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The Health Impacts of Wildfire Smoke & How Communities Can Be Prepared

In a KCBS-Radio podcast interview, Martha Guzman, with the U.S. Environmental Protection Agency explains how climate change is increasing wildfires and the health impacts from smoke, calling it a “public health crisis.” As communities grapple with wildfires and reducing their exposure to smoke, it’s important that they have access to critical information and tools that are effective. PHI’s Gina Solomon is working with agricultural and low-income communities to design and test affordable and effective air filtration systems for rooftop evaporative coolers.


“The effects of wildfire smoke can cause burning eyes, a runny nose, scratchy throat, headaches and can worsen chronic heart and lung disease.

Martha Guzman Regional Administrator for the U.S. EPA in the Pacific South West calls wildfire smoke “a public health crisis.”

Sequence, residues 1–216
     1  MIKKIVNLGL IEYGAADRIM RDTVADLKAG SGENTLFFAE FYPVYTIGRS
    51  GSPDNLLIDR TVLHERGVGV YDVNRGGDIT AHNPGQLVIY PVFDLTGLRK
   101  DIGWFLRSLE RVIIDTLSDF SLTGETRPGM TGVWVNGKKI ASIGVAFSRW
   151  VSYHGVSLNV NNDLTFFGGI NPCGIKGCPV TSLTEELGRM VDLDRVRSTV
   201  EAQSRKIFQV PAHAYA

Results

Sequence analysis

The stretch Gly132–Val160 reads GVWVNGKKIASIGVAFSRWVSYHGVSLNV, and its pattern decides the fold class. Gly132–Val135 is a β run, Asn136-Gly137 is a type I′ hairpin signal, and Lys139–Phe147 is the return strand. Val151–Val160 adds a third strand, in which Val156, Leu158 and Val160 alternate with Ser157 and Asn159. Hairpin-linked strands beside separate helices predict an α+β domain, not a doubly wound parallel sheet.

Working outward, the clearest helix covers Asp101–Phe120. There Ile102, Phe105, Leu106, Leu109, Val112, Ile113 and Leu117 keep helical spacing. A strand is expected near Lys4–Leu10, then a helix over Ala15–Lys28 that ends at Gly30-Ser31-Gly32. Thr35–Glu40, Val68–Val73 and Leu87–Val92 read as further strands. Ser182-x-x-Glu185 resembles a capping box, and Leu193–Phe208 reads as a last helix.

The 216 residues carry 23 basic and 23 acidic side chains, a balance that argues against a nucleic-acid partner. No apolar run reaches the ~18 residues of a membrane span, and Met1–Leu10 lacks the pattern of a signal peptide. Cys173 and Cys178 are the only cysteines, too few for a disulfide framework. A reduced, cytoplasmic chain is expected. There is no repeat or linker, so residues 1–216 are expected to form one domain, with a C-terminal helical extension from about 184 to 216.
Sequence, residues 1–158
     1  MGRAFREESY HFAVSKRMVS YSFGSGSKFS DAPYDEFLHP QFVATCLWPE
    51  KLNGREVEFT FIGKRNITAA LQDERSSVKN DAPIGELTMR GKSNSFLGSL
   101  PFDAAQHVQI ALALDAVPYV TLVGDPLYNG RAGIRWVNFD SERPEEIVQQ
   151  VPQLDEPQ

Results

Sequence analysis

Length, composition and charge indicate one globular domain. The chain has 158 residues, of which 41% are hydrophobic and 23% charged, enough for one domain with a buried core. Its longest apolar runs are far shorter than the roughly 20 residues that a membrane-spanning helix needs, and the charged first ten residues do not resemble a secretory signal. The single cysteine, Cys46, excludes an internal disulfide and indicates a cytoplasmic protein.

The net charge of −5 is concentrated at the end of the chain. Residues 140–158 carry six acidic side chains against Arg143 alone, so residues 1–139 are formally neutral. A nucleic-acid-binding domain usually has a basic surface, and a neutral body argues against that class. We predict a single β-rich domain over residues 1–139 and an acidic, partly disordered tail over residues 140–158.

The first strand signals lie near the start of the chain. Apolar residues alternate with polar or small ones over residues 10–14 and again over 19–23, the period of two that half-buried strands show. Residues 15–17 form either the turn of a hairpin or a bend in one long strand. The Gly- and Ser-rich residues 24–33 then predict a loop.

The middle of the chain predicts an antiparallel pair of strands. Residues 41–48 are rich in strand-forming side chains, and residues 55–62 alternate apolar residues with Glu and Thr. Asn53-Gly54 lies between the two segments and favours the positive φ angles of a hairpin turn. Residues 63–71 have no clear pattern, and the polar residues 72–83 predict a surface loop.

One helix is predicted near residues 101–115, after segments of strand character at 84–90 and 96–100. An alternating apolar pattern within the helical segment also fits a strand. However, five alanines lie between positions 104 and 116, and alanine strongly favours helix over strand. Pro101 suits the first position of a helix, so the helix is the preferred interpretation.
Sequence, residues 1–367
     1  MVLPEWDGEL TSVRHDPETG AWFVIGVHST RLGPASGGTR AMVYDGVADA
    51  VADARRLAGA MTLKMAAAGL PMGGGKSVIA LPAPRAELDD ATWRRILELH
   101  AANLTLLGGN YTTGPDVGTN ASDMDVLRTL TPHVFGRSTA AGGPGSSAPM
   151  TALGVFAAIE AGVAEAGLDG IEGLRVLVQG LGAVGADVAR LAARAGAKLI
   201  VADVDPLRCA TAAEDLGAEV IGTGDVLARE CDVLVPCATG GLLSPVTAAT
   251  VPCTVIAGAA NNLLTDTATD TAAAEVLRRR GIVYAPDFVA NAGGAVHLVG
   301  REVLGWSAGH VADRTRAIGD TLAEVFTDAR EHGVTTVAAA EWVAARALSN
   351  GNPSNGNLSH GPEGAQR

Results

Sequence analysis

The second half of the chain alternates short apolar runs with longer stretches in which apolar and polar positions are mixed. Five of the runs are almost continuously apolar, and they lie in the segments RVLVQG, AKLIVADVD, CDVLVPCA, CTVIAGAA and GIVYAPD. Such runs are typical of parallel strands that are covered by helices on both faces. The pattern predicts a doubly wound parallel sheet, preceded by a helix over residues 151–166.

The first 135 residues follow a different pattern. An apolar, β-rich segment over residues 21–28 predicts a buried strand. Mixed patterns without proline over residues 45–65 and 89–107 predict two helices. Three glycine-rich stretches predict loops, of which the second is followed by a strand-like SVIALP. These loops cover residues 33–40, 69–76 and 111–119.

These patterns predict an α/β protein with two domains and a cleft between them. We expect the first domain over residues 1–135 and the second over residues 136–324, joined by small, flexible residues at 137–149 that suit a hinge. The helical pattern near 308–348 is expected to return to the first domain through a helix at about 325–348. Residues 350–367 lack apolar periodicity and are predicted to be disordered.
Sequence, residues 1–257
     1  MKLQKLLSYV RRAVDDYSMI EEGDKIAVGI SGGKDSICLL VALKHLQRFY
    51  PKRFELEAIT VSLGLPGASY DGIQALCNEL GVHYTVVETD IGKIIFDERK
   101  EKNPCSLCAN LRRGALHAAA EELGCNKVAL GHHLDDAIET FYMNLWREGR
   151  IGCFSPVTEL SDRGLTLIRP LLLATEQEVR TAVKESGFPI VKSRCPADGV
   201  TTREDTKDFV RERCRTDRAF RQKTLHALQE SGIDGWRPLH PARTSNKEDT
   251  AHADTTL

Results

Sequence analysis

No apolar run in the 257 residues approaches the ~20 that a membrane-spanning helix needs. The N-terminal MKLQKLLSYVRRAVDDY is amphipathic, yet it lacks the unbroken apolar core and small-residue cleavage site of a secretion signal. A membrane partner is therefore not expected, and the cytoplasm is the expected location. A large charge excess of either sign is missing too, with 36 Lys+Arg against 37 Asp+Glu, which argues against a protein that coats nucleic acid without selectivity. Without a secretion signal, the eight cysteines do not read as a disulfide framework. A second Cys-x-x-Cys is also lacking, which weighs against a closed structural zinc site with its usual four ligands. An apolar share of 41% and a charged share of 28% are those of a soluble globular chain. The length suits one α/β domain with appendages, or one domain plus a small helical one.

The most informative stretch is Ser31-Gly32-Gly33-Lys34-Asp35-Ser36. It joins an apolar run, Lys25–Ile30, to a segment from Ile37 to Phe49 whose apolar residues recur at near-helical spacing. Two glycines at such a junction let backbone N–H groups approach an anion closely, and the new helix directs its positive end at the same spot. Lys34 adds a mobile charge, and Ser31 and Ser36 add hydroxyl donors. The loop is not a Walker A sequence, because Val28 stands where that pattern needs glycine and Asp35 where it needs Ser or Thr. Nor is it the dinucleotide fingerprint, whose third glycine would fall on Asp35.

“We can help reduce exposure by giving public information that is accessible, actionable,” she said.

Guzman suggests people download the Air Now app, which can help identify trends if the air is getting better or worse as well as advice to stay safe.

“This map makes it easier to find localized real-time air quality data,” she said.

Guzman made the comments at a recent wildfire fire readiness and response briefing with Senator Alex Padilla. The EPA is doing research on those who have to work in poor air quality areas.

“Especially farm workers and construction workers they don’t necessarily have the ability and disposable income to buy expensive air filtration equipment,” She explained. “So, we need accessible and ready tools to improve their air quality.”

She pointed to the Oakland Public Health Institute, which is looking to design and field test some affordable and effective filtration systems for rooftop evaporative coolers.”

Click on the link below to listen to the podcast interview.

Originally published by KCBS-Radio

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